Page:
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Document Type

Peer-Review Article

Abstract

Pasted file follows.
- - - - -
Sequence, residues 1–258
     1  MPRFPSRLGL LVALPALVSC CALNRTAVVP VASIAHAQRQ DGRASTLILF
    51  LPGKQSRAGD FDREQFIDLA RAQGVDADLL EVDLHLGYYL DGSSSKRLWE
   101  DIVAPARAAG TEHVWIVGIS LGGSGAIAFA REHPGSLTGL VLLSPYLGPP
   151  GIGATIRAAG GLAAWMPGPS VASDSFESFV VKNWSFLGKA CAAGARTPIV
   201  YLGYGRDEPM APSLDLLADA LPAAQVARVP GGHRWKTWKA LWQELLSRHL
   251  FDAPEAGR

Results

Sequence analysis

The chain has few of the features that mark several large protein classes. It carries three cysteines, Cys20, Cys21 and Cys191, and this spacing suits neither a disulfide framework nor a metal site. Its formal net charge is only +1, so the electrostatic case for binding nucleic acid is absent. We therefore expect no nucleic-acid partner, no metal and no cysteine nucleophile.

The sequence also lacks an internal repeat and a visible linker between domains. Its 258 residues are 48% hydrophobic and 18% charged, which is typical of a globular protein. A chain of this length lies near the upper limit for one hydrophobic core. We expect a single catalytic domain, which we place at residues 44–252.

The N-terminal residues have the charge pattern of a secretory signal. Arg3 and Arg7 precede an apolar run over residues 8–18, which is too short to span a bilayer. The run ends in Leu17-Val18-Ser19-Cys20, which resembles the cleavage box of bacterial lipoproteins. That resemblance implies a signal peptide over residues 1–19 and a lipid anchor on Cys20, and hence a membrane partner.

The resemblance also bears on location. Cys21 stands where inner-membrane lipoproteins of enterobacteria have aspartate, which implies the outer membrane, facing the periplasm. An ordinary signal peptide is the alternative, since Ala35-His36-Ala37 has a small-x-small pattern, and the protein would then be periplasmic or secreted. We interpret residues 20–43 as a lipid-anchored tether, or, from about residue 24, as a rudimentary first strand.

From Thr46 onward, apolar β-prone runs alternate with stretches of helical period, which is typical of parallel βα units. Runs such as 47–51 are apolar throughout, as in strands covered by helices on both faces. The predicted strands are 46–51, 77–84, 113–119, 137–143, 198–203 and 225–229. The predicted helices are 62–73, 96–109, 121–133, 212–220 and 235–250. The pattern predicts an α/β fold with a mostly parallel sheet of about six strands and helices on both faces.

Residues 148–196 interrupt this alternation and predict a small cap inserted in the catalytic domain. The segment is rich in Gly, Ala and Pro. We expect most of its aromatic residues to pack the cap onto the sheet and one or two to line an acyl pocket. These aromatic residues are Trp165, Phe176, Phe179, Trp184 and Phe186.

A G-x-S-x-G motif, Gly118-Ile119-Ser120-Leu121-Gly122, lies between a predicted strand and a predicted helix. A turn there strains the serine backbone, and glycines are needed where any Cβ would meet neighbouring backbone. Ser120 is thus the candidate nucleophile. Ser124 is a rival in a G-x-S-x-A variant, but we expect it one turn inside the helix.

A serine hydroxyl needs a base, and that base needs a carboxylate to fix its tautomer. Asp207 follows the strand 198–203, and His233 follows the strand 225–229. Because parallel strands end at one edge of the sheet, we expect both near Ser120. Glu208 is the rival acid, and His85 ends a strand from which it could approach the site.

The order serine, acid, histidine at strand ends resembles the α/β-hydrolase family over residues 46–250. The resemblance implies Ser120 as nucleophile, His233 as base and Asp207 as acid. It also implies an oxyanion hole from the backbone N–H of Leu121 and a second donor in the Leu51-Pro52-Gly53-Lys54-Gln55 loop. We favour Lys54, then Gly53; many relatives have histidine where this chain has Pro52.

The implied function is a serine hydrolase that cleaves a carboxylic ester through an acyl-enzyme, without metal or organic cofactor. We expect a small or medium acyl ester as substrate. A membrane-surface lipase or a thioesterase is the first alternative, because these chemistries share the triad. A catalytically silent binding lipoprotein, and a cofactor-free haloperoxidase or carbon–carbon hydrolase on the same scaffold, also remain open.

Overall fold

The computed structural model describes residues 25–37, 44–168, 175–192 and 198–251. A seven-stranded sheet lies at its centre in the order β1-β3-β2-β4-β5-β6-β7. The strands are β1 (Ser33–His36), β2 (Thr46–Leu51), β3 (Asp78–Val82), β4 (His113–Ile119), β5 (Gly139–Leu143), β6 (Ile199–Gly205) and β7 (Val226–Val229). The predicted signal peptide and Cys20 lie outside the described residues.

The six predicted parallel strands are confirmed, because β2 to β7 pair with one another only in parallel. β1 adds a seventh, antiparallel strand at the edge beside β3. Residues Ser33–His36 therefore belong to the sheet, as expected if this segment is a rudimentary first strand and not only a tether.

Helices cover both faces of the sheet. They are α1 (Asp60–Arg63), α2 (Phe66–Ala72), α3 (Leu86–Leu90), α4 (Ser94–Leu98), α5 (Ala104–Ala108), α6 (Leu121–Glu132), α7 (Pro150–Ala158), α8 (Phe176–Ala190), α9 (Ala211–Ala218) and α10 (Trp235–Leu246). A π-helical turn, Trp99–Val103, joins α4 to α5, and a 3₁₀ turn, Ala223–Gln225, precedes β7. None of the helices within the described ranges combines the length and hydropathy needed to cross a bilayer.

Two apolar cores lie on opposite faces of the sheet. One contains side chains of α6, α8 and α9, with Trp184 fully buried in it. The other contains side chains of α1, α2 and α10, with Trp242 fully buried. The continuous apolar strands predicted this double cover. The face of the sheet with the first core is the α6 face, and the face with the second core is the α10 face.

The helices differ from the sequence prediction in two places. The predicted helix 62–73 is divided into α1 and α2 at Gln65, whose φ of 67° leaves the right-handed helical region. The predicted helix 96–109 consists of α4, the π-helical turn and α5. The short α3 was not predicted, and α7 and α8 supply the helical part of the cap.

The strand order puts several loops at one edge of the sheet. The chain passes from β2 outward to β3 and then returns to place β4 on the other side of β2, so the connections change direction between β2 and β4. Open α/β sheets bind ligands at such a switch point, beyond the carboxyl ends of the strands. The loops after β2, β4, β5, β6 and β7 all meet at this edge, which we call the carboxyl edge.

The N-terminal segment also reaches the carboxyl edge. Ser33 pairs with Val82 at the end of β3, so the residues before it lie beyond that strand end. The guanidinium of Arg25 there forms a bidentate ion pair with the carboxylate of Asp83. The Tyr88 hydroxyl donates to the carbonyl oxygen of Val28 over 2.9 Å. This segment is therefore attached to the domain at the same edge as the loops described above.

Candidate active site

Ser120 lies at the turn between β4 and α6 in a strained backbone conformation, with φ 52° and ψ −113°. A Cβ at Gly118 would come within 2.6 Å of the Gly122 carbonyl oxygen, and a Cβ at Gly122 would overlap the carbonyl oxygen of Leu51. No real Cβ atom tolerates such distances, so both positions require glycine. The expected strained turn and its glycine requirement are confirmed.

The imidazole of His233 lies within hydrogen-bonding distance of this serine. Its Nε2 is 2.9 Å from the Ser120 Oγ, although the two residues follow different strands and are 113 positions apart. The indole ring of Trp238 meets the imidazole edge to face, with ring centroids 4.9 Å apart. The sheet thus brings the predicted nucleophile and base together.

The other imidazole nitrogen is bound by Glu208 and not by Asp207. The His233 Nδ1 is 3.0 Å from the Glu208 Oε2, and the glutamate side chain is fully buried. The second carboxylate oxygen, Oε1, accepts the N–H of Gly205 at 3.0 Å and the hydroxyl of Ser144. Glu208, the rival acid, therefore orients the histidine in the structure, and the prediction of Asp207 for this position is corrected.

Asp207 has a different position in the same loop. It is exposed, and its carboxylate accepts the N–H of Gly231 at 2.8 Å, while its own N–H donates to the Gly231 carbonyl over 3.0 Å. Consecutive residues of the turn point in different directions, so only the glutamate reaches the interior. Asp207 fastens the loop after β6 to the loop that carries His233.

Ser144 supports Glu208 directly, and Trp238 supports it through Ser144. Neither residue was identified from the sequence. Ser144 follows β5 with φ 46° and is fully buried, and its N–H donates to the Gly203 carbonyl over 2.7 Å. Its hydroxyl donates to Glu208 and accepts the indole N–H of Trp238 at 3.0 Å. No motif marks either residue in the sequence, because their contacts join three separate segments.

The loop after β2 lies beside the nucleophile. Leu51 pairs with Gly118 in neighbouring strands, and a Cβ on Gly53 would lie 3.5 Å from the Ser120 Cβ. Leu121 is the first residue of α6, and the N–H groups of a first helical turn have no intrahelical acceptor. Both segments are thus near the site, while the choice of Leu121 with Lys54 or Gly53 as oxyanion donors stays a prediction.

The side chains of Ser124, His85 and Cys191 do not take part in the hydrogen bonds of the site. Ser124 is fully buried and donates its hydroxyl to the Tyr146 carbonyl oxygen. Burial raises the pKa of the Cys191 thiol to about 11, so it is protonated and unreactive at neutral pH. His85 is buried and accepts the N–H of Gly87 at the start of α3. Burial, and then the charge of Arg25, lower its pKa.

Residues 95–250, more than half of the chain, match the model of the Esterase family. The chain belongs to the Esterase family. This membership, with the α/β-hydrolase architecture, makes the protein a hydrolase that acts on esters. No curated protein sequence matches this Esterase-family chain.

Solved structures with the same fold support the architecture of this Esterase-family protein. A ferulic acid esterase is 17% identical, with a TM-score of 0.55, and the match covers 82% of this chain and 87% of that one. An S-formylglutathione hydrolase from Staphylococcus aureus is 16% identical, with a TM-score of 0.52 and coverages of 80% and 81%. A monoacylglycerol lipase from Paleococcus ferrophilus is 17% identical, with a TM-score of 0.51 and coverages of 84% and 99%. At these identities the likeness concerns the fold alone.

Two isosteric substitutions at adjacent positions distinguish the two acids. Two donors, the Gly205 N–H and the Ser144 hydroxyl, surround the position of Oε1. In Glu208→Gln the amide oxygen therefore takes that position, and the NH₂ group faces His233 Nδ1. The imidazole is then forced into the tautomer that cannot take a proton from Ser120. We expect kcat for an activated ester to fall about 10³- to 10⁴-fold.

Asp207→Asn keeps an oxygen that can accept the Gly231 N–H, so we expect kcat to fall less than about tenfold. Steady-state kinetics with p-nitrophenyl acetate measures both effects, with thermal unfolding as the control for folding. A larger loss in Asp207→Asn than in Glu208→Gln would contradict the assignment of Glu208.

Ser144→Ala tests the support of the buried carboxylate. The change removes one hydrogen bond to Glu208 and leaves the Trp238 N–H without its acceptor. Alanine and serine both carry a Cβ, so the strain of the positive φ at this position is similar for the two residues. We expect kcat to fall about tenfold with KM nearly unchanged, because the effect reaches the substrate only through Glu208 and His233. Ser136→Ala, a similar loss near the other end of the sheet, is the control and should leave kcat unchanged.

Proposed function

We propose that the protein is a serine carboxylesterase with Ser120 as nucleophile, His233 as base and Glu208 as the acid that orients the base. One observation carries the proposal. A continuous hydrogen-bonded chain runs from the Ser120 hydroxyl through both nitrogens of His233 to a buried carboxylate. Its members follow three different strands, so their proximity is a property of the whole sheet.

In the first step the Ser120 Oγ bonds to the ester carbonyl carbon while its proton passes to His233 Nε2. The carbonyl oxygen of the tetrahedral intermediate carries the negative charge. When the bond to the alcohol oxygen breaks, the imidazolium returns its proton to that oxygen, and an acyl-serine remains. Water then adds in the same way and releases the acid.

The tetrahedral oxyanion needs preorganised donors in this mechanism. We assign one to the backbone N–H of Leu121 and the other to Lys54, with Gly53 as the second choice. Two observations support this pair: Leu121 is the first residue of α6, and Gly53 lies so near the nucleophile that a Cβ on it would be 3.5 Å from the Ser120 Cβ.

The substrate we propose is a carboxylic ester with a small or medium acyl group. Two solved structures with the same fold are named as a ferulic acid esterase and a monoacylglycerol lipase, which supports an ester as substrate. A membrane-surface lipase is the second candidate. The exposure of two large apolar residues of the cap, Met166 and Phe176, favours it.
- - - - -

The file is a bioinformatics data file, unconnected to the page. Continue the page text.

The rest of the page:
Rhagoletis juniperina Marcovitch (Diptera: Tephritidae) infests Eastern Red Cedar (Juniperus virginiana L.) and other North American junipers. While several Rhagoletis species are of interest as orchard crop pests (apple maggot, blueberry maggot, cherry fruit fly) and as models for studying speciation (R. pomonella Walsh species group), R. juniperina is of interest because it may tie together evolutionarily the Nearctic and Palearctic Rhagoletis fauna. One goal of this study was to test two competing hypotheses first proposed by Bush (1966): i) that R. juniperina is more closely related to the Nearctic dogwood- infesting R. tabellaria (Fitch), to which it is morphologically similar; or ii) that R. juniperina is more closely related to the Eurasian juniper-infesting R. flavigenualis Hering. To study R. juniperina, which is rarely collected, we first established a local study site by collecting juniper berries from several sites in the Lansing, MI vicinity in fall 2010, finding a heavily-infested juniper tree on the Michigan State University campus. Preliminary mitochondrial COII sequences of reared pupae matched (99.8%) the R. juniperina COII sequence in GenBank, allowing tentative identification of these flies as R. juniperina. Subsequently, the morphology of adults reared from these pupae the following spring and summer confirmed this diagnosis. Phenological attributes of the Farm Lane Bridge population were determined via weekly fruit collections in fall 2011 and 2012, and “peak” larval infestation was found to occur during the first part of October, while mean post-diapause eclosion time was found to be approximately 103 days. Rhagoletis juniperina adults were also reared from infested junipers found in Wisconsin and North Carolina, indicating that the geographic range of R. juniperina on J. virginiana is broader than previously thought. Hymenopteran parasitoids of R. juniperina were also observed; both the egg parasitoid, Utetes juniperi (Fischer) (Hymenoptera: Branconidae), and a new pupal parasitoid (Coptera n. sp.) (Hymenoptera: Diapriidae) were reared from fruit and pupae, respectively, collected at the MSU campus site. Subsequent phylogenetic analyses based on mitochondrial COI sequences did not resolve the relationships of R. juniperina and R. pomonella or flies in the Rhagoletis tabellaria species group. The sole R. flavigenualis individual in our sample was placed sister to an unresolved trichotomy of three clades containing these Nearctic taxa. The analysis also revealed within-species haplotype variability in R. juniperina, with a 3.8% nucleotide sequence difference observed between COI sequences of the flies from MI, WI, and NC compared to the Ontario R. juniperina sequences in the Barcode of Life database.

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